What does it mean to file a long-term disability claim?
You may be wondering what it means to file a long-term disability claim, and when I talk about this, a lot of times people get confused with the difference between Social Security disability and long-term disability claims.
One is governed by the Employee Retirement Income Security Act, or as we like to call in short ERISA. It’s an acronym for a federal statute created by Congress that governs employer provided long-term disability insurance policies for the employers’ employees. Now a lot of people think of long-term disability as a Social Security disability. And I hear them say, “I’ve been denied twice” or, “I’ve been denied four times and every time I apply, they deny me.” And what you’re talking about there is Social Security disability, and not a long-term disability claim on an insurance policy. And I’ll tell you the main difference between the two.
Long-Term Disability Claim vs. Social Security Disability Claim
For ERISA long-term disability claims, you only have one shot and you have specific timelines within which to file your claim. If you miss those timelines within which to file your claim, then your claim is essentially gone. There are noticed periods where you have to file a notice with the insurance company that you might have a claim, and then you have to wait for a period that would be considered short-term disability within which you don’t get any benefits from the long-term policy. You may have a different short-term policy that will provide you benefits, but you don’t have benefits from that long-term policy until after that elimination period. And then once that elimination period hits, then you have to make sure that you file your claim and you provide proof of your claim within a certain number of days after that’s over and that is all governed by the terms of your policy. All the dates and times are different and it depends on what your specific policy says. So if you’ve been denied and received a denial letter, or have been denied numerous times from the Social Security Administration, that is not the type of disability claim that I’m talking about here. The type of disability claim that I’m talking about here is a type of disability claim that is provided by an insurance policy purchased by your employer for your benefit as the employee. And no matter what the condition is, like a stroke at home on a Saturday night and no longer able to work. You would be covered under this policy because at the time you had your stroke at home, you were an employee of your employer and the policy covers you for that.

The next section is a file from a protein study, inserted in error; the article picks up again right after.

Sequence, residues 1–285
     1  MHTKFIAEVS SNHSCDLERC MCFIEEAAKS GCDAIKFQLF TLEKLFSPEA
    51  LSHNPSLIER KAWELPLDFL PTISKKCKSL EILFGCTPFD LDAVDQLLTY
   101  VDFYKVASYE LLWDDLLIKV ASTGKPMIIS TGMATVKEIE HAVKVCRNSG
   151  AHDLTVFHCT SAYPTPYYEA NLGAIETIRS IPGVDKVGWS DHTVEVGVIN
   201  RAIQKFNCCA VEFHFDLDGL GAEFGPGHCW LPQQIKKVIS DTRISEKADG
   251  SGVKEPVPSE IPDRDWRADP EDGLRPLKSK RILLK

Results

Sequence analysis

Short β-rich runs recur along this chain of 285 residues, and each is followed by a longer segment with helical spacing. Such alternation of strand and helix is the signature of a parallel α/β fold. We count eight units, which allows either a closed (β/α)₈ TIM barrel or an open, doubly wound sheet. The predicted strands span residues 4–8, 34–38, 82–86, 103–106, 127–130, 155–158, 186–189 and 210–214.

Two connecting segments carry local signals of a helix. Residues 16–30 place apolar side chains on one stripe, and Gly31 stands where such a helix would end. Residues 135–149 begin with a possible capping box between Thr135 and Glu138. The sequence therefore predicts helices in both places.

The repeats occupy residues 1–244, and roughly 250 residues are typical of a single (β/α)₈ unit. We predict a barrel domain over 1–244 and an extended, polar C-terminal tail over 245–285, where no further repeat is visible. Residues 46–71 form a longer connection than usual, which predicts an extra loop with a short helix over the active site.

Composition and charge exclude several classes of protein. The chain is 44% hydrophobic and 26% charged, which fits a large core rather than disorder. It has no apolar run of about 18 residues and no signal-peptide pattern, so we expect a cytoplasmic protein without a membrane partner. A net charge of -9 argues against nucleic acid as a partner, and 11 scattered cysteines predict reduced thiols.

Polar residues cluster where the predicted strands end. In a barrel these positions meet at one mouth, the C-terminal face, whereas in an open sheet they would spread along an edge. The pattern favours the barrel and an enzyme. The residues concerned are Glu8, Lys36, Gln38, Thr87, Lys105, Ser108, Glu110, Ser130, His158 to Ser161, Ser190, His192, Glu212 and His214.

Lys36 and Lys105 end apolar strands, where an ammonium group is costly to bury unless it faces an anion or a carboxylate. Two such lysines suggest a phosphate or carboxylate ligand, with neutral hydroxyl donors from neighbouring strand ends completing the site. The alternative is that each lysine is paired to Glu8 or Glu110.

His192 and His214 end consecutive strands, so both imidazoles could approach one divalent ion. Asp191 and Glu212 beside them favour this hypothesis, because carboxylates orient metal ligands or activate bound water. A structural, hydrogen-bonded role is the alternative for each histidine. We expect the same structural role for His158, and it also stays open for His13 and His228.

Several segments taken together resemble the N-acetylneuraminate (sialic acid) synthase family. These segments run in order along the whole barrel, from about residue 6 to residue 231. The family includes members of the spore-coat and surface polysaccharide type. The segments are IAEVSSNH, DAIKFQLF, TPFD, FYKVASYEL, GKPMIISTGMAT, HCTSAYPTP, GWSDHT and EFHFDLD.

So as long as you are completely unable to work or unable to perform the main duties of your occupation, then you would be eligible to collect long-term disability after you’ve given notice to the insurance company. After you filed your claim within the applicable time limits, and after your claim is approved, you would be entitled to long-term disability benefits. Now you can get Social Security benefits and long-term disability benefits at the same time, but those two numbers will combine to get to the total number of your long-term disability benefit. Sometimes your long-term disability benefit could be 60% of your gross revenue prior to your disability, or it could be up to 80%, and it could be even better than that. Policies are all different and it depends on what your employer purchased for your benefit to determine what your benefit amount will be.
I hope this has been helpful. If you have any questions about whether your claim is a social security disability claim, or whether it’s an ERISA covered long-term disability insurance policy claim, give us a call, send us an email. We’d be happy to help.